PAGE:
by Phong Ly
JMC 54 Writer
Hongbo Zhang, a senior in Actuarial Science at Drake University, has been in America since his freshman year of high school. He admitted he still misses the food back in China. “I was able to find some good Chinese restaurants here in the U.S, but they are still not exactly the same like what we have in China,” Zhang said.
Zhang is a Drake International student from Beijing, China. Before coming to Drake, he went to a local high school in Wichita, Kansas. He said he had a hard time adjusting to the different culture of America throughout his first and second year of high school. Zhang was having a hard time with speaking English, and the fact that his high school did not have any Chinese students at the time did not help.
“That was a very hard time for me, but only after a year or so it wasn’t a huge problem anymore since I became more fluent,” Zhang said.
According to Central Intelligence Agency (CIA) website, people of China speak Mandarin, but they have multiple dialects. Putonghua is the official dialect but mostly spoken by people in the Northern parts of China like Beijing, while Cantonese is the dialect Southern people use. Therefore, it not uncommon for two people to both speak Mandarin and do not understand each other.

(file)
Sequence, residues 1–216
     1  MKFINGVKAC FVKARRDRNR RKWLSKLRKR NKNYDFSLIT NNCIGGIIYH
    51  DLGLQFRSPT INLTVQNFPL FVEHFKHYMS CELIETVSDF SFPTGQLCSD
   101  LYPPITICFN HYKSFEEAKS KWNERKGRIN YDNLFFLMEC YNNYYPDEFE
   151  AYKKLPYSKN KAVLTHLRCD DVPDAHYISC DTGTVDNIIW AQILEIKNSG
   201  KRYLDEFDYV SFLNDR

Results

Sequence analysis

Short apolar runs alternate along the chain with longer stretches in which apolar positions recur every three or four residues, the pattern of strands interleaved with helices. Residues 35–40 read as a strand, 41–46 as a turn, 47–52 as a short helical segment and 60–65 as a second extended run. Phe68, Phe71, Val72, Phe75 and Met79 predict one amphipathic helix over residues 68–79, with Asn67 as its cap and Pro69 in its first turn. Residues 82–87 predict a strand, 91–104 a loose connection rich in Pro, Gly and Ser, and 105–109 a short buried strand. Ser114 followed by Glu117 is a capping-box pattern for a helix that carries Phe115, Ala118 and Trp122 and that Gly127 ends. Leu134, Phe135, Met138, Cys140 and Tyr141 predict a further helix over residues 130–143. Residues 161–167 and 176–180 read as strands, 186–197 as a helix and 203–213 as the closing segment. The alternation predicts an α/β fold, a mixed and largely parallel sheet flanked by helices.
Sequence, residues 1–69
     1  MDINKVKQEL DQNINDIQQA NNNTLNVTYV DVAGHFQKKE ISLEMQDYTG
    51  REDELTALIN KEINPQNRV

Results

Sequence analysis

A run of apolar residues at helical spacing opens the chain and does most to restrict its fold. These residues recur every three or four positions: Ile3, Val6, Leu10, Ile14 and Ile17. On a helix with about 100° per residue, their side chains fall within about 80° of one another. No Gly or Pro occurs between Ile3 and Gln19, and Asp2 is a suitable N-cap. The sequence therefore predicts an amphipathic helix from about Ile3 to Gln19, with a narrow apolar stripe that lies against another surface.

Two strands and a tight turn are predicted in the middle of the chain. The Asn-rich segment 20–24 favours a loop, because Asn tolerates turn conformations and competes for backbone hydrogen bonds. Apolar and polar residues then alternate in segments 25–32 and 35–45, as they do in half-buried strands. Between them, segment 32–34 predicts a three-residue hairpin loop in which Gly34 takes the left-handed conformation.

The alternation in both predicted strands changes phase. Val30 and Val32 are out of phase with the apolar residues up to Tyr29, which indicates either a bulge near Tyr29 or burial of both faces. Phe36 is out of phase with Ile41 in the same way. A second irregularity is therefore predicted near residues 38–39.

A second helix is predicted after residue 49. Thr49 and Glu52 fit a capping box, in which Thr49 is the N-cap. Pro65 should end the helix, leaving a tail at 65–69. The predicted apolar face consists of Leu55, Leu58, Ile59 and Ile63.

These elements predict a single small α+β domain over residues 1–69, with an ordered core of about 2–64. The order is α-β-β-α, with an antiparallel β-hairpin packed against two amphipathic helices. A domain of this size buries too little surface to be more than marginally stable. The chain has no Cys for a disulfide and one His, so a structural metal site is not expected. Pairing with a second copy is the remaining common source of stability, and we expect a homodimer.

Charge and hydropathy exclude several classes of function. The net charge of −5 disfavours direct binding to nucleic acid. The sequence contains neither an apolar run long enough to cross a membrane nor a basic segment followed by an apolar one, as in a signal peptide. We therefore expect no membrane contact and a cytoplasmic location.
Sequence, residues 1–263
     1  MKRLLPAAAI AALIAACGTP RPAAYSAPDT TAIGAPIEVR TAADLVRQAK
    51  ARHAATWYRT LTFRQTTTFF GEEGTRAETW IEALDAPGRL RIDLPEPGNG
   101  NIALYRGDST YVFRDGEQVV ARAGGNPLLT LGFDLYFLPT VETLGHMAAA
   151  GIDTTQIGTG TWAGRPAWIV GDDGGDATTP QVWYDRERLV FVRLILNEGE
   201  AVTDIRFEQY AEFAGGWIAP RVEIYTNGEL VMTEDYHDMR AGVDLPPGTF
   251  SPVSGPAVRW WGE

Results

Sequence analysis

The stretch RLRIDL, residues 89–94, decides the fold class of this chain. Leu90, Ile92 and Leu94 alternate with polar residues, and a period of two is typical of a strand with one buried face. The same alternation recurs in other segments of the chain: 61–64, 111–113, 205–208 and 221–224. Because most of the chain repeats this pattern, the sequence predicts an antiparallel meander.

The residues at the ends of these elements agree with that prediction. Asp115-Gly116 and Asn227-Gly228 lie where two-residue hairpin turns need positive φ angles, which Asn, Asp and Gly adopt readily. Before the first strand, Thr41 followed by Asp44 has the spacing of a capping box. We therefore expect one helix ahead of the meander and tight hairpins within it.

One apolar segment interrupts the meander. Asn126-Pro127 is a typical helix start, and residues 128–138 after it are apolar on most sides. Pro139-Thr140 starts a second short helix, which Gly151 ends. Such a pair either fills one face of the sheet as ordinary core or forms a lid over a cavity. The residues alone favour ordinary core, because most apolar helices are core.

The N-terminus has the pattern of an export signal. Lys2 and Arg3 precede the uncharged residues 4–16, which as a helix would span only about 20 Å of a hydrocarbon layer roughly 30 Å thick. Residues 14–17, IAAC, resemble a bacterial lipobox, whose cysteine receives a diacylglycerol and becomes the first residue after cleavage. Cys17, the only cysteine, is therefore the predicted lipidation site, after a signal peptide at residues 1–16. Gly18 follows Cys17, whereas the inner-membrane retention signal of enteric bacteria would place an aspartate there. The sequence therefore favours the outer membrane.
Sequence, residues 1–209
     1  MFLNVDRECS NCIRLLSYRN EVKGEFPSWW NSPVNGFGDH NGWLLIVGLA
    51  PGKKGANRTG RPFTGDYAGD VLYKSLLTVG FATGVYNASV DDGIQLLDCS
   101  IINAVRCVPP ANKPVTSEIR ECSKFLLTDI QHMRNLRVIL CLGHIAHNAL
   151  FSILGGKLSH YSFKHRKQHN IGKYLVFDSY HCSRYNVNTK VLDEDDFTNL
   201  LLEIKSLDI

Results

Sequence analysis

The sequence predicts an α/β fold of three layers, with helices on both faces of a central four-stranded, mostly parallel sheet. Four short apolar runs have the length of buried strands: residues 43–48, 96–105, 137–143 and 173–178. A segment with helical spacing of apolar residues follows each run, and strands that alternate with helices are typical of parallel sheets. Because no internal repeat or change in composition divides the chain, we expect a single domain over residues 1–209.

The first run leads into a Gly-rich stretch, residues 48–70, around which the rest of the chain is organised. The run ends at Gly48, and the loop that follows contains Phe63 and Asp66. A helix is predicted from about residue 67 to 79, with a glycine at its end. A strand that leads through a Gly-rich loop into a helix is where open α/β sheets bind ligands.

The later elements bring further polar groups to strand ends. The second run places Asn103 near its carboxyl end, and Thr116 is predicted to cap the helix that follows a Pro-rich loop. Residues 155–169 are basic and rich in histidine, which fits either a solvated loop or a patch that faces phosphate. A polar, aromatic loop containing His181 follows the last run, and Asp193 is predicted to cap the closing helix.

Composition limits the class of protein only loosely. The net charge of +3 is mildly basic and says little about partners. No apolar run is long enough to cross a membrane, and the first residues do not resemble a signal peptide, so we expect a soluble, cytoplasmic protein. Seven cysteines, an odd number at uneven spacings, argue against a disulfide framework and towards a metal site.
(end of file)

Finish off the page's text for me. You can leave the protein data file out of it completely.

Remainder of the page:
Chit Ying Susanne Chan, a friend of Zhang and a sophomore at Drake, thought that the differences between many regions of China is what makes the culture so fascinating. Chan is from Hong Kong, where people speak Cantonese. She said she knows how to speak Putonghua too, but enjoys speaking in Cantonese occasionally just to mess with Zhang and some of her other Northern China friends.
Chan also shared that beside the variety in their language, people from the North and the South also have a different preference in what they eat. According to her, Northern Chinese like to have noodles and buns for most of their meals. They also like their food sweet, even for savory dishes. On the other hand, Southern Chinese like to have rice and less sweet in their food.
“That’s the reason why people call the Shanghai – Suzhou area the hometown of rice,” Chan said.
Chan also did not think that Chinese people are “rude” and “unfriendly” like most people think. She said she would understand if some people would feel that way towards Chinese.
“Like where I come from, Hong Kong, it is very crowded and people are always so busy, so they walk faster than Americans and that is the reason why they might not hold the door for you like most Americans do,” Chan said. “But if you ask for help, they would try their best to help you or direct you to a place or a person they know who could help you. That is just their way to be nice!”